In conclusion, the mandalic worldview of this book includes the fuzzy dynamic nondual mandala. Since this worldview affects our way of living, we could refer to a mandalic worldview and living. "We should learn to see everyday life as mandala - the luminous fringes of experience which radiate spontaneously from the empty nature of our being" (Dilgo Khyentse Rinpoche).
Fundamentalism occurs at the mythic (conformist) level, which enforces a righteous order “with a code of conduct based on absolutist and unvarying principles of “right” and “wrong.” Violating the code has severe, perhaps everlasting repercussions. Following the code yields rewards for the faithful” (Wilber 2001: 9-10). This leads to extreme rigidity often based on concrete-literal belief. Reasoning seems difficult or impossible because there is only one right way to think about everything.
In fundamentalism one can hardly see any appreciation of the mystery, wholeness and balance. And yet, many fundamentalists uphold holiness. However, this holiness is not rooted in wholeness and mystery. It is based on words and scriptures, excluding other scriptures and words. No complementarity is recognized. Truth is thought to be either this or that. The opposite is seen as false and therefore is suppressed or even annihilated. Consequently, fundamentalists tend to fight their enemies. Tolerance is rare. Peace seems remote.
Because fundamentalists exclude the unnamable, the mystery, which unites us all, they cannot find ultimate unity. They are bound to live in disunity and imbalance. The question is how we can heal this dis-ease. Probably not through alienation. Kauffman (2008: 288) suggested: “Fundamentalists need to be invited to consider a shared vision as well. Perhaps those faiths will remain unchanged. Perhaps they will slowly evolve together with a natural God. It will be a long cultural journey, should we undertake it." Furthermore, we have to keep in mind "that to think somebody else has a rigid view is in itself a rigid view... So having some sense of openness for the other person's rigid view to be there is part of being open. The more internal space we have the less rub there is" (Brunnhölzl 2012: 148).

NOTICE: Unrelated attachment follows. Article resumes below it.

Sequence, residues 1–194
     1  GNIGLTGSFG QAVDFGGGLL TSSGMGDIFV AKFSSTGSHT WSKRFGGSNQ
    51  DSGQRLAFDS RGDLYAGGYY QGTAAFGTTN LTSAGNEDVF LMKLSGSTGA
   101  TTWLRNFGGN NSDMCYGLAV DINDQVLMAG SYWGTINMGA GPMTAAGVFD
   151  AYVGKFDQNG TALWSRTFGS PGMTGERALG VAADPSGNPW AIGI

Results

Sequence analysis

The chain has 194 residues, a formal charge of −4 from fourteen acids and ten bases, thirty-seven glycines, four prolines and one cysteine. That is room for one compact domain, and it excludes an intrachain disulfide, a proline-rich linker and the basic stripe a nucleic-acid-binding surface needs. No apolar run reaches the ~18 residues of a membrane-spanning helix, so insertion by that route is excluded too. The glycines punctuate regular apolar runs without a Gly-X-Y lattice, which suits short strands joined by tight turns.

One answer to fundamentalism is education, especially of the young who are still flexible and open to new insights and experiences. Teaching them many aspects of life and living, what Ken Wilber (2001b, pp. 95-96) calls integral education, appears healthy. All those aspects complement one another. Furthermore, since anything expressed in words has inherent limitations, one has to go beyond words and language. Entering silence and the mystery may lead to unity and peace.